This Promise of Change: One Girl's Story in the Fight for School Equality
This Promise of Change: One Girl's Story in the Fight for School Equality

List Price:

$29.79
School Discount
Price:

$20.85
Qty(25-99)
Discount Price:

$20.43
Qty(100-249)
Discount Price:

$20.22
Qty(250-499)
Discount Price:

$20.02
Qty(>500)
Discount Price:

$19.60
To purchase this item, you must first login or register for a new account.

Annotation: This story in verse recounts the firsthand experiences of one of the nine young African-American students who made history by integrating Tennessee's Clinton High School 1956, a year before the integration of Little Rock High.
Genre: Biographies
Catalog Number: #209865
Format: Perma-Bound Edition from Publisher's Hardcover
All Formats: Search
Publisher: Bloomsbury
Copyright Date: 2019
Edition Date: 2019
Pages: 310 pages
Availability: Available
New Title: Yes
ISBN: Publisher: 1-681-19852-5 Perma-Bound: 0-7804-7616-6
ISBN 13: Publisher: 978-1-681-19852-1 Perma-Bound: 978-0-7804-7616-5
Dewey: 921
LCCN: 2018026349
Dimensions: 21 cm.
Language: English
Reviews:
ALA Booklist
Students of school-desegregation history know of the Little Rock 9, but probably fewer are familiar with the Clinton 12, who integrated a Tennessee high school a full year earlier, in 1956. Boyce, one of the 12, recounts her story in a series of moving narrative poems that detail mid-twentieth-century segregation practices in the South; introduce her family and their place in the town; describe the early, relatively civilized integration of the school; and explain how the introduction of outside agitators heightened tensions and led to violence. Boyce's positive attitude about her experiences invites reader identification. Yes, she and others endured unrelenting pressure and threats, but the cause was important and the results worthwhile. The poems (mostly free verse with a sprinkling of other forms) personalize this history, and interspersed newspaper headlines and quotes situate the response of the larger world. Generous back matter includes additional information about the Clinton 12, a time line, period photos, sources, and further reading. Engrossing, informative, and important for middle-grade collections.
Kirkus Reviews
An autobiographical account in verse of a teen pioneering school desegregation in the South. Jo Ann Allen lives up on a hill with the other black residents of Clinton, Tennessee. They travel to Knoxville to attend the black schools, but in 1956, two years after the Brown v. Board of Education decision, a judge in Knoxville tells Clinton officials that they must integrate immediately. Jo Ann is one of 12 black students who enroll in the all-white Clinton High School. With co-author Levy, she tells her story of that year in poems grouped by her relationship to her town ("Mine, Theirs and Ours"; "Fear," etc.). Most of the white people who support the black students do so only out of civic duty to obey the law. Still, there are moments of hope, as when her white classmates elect her vice president of their homeroom; it seems she might make friends. But then hatred and violence overtake the town of Clinton, necessitating federal law enforcement to keep the peace. Readers will empathize with Jo Ann's honest incredulity: "Mouths spewing insults. / (Do these mouths sing hymns on Sunday? / Do they say ‘I love you'?)" One timely poem remembers a local election in which "every single / white supremacist/ segregationist / candidate / lost." Such gems relevant to today's politics, along with the narrator's strong inner voice, make this offering stand out.Powerful storytelling of a not-so-distant past. (epilogue, authors' notes, photos, timeline, sources, bibliography, further reading) (Verse memoir. 9-14)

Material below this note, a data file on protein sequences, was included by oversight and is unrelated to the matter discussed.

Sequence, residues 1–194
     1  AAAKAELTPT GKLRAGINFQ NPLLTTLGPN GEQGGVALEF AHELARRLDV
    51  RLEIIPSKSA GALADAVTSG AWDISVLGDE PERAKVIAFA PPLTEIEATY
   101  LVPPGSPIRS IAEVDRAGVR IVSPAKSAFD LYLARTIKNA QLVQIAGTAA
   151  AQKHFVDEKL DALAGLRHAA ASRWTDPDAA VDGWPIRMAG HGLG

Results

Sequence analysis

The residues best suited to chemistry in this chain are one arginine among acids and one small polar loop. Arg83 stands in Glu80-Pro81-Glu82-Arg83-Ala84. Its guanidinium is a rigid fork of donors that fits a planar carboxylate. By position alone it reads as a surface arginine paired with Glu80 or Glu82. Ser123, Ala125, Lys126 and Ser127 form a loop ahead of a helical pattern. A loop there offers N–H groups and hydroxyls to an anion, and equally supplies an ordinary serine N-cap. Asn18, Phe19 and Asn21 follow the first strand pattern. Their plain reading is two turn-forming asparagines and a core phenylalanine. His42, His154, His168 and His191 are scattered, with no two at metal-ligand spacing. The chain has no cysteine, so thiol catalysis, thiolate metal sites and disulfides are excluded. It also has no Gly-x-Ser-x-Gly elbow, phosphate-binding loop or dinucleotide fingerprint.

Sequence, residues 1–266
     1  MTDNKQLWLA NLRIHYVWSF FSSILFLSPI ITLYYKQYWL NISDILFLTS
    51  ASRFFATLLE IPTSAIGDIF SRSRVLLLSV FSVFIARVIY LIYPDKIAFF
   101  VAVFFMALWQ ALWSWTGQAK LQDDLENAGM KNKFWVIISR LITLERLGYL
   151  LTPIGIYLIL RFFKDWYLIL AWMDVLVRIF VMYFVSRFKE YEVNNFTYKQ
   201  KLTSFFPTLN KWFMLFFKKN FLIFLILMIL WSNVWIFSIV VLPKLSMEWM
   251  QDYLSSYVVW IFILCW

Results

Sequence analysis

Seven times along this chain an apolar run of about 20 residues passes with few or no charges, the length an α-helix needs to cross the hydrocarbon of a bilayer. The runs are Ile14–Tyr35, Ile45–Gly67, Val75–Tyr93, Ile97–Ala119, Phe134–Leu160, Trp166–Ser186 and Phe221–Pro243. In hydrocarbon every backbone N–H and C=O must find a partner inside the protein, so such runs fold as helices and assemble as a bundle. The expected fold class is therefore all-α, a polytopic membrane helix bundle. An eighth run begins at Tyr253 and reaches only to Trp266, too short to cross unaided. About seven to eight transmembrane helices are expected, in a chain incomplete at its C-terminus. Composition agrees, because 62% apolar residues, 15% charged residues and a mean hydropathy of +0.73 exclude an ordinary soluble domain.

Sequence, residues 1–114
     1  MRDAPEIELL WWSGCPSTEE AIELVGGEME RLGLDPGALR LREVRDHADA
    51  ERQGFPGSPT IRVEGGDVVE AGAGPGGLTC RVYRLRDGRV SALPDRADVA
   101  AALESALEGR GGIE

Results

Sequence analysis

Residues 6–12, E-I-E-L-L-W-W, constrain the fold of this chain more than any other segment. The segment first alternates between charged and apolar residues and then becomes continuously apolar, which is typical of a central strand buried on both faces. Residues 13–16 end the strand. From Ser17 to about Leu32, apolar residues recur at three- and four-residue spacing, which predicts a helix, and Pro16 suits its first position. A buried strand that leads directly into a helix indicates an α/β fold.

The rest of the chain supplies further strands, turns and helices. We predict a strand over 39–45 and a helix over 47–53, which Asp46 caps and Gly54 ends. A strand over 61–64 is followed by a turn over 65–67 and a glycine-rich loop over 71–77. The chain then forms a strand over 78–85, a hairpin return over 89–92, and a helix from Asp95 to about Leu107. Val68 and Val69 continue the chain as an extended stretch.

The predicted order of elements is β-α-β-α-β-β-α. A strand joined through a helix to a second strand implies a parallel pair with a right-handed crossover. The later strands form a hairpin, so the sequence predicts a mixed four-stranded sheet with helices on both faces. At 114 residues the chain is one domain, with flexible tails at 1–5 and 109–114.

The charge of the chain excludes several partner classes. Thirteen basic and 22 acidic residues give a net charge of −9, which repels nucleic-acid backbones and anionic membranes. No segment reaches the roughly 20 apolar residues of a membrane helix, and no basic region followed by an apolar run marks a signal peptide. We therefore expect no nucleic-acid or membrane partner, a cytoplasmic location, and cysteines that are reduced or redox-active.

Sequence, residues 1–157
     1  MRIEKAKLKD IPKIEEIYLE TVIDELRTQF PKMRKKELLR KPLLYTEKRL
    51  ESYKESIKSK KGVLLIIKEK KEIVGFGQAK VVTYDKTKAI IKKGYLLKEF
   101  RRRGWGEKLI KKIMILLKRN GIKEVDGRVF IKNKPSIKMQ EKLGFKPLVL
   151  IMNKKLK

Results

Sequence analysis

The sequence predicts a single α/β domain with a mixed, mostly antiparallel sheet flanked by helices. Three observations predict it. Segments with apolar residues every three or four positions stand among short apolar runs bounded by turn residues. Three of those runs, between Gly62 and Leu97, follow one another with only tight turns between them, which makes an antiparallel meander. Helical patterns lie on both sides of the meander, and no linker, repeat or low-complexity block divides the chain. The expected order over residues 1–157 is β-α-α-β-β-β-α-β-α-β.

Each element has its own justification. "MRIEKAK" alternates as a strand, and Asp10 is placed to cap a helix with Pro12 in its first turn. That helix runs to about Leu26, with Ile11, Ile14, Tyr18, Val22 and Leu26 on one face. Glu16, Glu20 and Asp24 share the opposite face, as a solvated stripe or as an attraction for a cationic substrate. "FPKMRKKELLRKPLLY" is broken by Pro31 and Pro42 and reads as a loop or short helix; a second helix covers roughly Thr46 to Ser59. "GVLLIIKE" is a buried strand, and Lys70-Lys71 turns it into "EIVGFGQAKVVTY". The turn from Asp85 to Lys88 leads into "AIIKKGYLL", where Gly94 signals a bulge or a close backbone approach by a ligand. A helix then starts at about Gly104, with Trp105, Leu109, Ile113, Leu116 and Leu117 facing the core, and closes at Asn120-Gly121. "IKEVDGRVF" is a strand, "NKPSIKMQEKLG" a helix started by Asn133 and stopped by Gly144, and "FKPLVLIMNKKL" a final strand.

Publishers Weekly
Boyce, one of 12 black students who integrated Clinton, Tennessee-s public high school in August 1956, following racial desegregation, relays the story of that harrowing experience in verse. Levy (I Dissent) notes that poetry is a particularly appropriate choice, given the -musicality- of her coauthor-s voice, which is also insightful, immediate, and passionate. Recognizing the duplicity of the court-ordered integration, Boyce writes: -We-re in, yes./ But it-s more complicated than that./ Or, looked at another way-it-s simpler./ ...You can-t stay after school,/ when the fun stuff is whites-only./ Glee club, football, cheerleading?/ No, no, and no./ Simple. That-s the complication.- Boyce poignantly describes the cruelty of white students, as -the little shoves- become -the shove that almost knocks Gail Ann out the window... From the little slights/ come the larger evils,/ and they feel/ monstrous.- While she acknowledges that it-s difficult -to change a promise of change/ into real change,- Boyce never loses hope in the belief that racial equality is attainable and that she can help make it happen. Though her parents (fearing for their safety) moved the family to California in December 1956, and Boyce left Clinton, readers will appreciate that she did make a difference by standing up for her beliefs with resolve and persistence, attributes that shine through in this lyrical yet hard-hitting account of a pivotal chapter in the history of desegregation. Ages 8-12. (Jan.)